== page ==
Study finds gaps in robo-advisor industry

Survey of 15 North American robo-advisor firms reveals shortfalls and service issues

Robo-advisors might be the wave of the future, but it seems they still have a few kinks to iron out.
Citing a study from Boston-based research firm Dalbar Inc, the Financial Post reports that robo firms’ struggle to swipe clients from more traditional investment companies may be “challenging.”

The research was conducted by having 45 “mystery shoppers” assess 15 North American robo services – five from the US, including Betterment and Vanguard, and ten from Canada. The resulting 126-page report focused on onboarding or sign-ups, which were primarily electronic. Other processes, such as ETF selection, monitoring, and reporting, were also electronic.

The study found different reasons why clients choose robos: affluent investors are concerned about fees, which the firms are able to address with an annual fee of 0.5% on top of modest fees from underlying low-cost ETFs. Meanwhile, mid-income investors (those who earn $60,000-$75,000 a year) chase convenience. Robo-advisors are especially popular among millennials who keep an eye on their investments through their smartphones.

Another finding was that becoming a client of a robo firm “isn’t as straightforward as it appears. The client has to do a lot of the work upfront, so there is a learning curve some will grasp and others may never.” Canadian firms devote more resources to client risk assessment compared to US firms; this means it takes four business days to set up a new account in Canada, as opposed to one to three days in the US.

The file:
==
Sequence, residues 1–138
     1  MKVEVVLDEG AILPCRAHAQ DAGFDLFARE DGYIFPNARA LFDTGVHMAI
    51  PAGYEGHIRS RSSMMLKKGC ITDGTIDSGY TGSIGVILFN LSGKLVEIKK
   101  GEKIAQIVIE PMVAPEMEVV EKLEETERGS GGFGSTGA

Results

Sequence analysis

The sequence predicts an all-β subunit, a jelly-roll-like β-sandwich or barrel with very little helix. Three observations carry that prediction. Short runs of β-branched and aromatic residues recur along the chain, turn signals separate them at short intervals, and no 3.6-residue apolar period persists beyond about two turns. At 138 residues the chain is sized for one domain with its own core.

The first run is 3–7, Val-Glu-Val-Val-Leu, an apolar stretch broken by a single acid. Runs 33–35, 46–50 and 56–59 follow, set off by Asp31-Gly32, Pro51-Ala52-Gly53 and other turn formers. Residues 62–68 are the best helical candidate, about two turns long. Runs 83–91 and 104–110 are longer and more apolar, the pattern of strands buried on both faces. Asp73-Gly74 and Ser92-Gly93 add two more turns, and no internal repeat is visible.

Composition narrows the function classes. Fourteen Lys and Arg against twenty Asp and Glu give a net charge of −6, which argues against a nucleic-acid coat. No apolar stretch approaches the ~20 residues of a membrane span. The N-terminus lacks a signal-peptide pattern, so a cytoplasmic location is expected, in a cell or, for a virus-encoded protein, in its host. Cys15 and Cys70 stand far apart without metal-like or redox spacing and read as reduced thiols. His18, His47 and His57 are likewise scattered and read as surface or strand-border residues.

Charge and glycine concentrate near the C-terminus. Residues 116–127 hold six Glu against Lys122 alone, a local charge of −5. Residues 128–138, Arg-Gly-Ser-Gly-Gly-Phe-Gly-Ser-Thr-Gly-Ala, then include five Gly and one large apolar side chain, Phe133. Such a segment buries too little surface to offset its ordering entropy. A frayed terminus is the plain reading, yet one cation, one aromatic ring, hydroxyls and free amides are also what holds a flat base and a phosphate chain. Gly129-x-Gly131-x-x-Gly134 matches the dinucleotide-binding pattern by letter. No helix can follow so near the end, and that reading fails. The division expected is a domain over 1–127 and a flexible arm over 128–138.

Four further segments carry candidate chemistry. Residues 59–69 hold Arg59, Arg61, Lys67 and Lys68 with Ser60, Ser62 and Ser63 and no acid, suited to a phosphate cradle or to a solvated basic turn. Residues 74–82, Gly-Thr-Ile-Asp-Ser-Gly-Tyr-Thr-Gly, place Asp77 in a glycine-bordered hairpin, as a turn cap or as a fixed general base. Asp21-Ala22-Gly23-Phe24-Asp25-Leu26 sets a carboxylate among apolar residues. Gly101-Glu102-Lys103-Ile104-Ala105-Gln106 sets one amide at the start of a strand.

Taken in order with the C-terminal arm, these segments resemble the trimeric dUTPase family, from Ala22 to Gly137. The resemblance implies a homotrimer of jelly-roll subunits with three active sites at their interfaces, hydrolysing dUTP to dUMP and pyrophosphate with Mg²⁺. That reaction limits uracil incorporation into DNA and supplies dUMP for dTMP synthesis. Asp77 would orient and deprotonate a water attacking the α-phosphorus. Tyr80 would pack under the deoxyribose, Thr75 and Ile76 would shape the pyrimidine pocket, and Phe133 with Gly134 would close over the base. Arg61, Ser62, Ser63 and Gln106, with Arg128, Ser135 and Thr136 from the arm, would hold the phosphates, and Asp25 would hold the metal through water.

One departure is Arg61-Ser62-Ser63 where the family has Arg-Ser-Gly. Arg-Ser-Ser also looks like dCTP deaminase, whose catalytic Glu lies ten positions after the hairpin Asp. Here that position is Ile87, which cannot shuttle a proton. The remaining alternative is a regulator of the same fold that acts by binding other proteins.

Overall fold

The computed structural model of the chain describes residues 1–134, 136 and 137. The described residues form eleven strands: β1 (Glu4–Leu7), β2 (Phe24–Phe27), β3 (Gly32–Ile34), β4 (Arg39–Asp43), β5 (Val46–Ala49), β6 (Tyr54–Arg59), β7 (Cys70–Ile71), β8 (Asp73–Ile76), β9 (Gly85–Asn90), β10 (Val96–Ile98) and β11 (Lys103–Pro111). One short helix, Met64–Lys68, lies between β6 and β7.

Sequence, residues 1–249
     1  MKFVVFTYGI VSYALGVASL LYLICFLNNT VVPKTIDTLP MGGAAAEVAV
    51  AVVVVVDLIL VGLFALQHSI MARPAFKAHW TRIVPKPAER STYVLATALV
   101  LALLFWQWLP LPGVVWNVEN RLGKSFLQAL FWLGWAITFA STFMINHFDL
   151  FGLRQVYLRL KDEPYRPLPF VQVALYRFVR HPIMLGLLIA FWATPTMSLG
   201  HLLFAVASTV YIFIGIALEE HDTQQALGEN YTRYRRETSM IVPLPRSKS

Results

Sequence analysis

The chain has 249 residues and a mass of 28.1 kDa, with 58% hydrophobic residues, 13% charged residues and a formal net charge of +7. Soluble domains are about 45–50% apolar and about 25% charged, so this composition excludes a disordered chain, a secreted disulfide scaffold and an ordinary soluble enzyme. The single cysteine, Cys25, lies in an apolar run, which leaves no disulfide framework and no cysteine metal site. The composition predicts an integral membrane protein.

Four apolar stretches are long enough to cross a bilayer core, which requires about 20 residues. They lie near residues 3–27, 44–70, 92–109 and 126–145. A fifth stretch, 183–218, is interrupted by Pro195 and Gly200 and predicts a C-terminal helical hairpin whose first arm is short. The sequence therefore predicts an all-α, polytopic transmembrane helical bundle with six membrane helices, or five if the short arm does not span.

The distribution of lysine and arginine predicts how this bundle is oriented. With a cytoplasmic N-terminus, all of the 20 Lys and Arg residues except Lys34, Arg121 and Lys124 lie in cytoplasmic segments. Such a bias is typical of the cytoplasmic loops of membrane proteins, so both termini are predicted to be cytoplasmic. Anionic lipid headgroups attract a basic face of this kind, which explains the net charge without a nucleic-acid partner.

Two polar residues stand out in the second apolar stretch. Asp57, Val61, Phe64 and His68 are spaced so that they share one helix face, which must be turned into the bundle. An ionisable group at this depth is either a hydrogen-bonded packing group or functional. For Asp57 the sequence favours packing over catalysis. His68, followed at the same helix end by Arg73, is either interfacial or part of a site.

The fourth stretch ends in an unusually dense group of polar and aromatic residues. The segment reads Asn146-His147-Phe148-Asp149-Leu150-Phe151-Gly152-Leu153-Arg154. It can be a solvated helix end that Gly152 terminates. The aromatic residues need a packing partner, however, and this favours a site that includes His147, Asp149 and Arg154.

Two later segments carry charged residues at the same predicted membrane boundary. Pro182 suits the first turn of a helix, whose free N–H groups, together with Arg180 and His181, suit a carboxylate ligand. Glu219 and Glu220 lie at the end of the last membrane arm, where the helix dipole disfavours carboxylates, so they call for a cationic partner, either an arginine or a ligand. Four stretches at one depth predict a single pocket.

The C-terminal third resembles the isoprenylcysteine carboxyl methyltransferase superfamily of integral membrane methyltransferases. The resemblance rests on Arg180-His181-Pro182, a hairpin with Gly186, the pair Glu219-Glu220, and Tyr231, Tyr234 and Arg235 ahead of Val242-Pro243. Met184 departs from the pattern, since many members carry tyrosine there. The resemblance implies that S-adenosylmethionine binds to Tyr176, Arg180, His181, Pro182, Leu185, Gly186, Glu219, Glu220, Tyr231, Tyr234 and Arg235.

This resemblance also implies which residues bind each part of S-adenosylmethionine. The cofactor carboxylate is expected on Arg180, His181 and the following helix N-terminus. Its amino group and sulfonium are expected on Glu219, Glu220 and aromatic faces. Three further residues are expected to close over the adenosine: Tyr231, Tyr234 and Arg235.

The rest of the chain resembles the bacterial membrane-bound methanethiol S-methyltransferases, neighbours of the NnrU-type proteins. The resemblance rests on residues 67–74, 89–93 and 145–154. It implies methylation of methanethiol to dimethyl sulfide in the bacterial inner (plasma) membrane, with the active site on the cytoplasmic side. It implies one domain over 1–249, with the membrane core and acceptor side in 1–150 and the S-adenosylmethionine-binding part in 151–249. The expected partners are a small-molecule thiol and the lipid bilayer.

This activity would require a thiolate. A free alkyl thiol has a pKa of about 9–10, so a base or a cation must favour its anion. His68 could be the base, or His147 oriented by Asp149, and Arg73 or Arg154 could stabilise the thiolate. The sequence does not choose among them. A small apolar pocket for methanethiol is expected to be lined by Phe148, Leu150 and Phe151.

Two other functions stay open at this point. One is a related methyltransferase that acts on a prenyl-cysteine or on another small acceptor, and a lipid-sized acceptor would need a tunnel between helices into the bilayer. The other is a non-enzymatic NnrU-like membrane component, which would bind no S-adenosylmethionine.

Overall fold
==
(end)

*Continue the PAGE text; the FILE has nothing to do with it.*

Several of the study’s proponents encountered “serious technical and logistical challenges” in using live chat, noting that the feature “creates an expectation of ‘instant connection’ that many robo-advisors were unable to meet.”

Risk assessment is highly customized and personalized among robo firms, with no two Canadian companies emphasizing the same aspects of risk. Few robo-firms discuss cases when portfolios are rebalanced.

Another concern was raised by Aman Raina, investment coach with Toronto-based Sage Investors, who signed up with one local robo. While his experience was seamless compared with setting up a traditional trading account with a brokerage firm, he noted that regulators are “asking mutual funds and other wealth management firms to be transparent on performance. It seems robos are getting a pass.”

Overall, the piece concludes, the battle between robo-advisors and traditional firms may very well be decided based on service issues.

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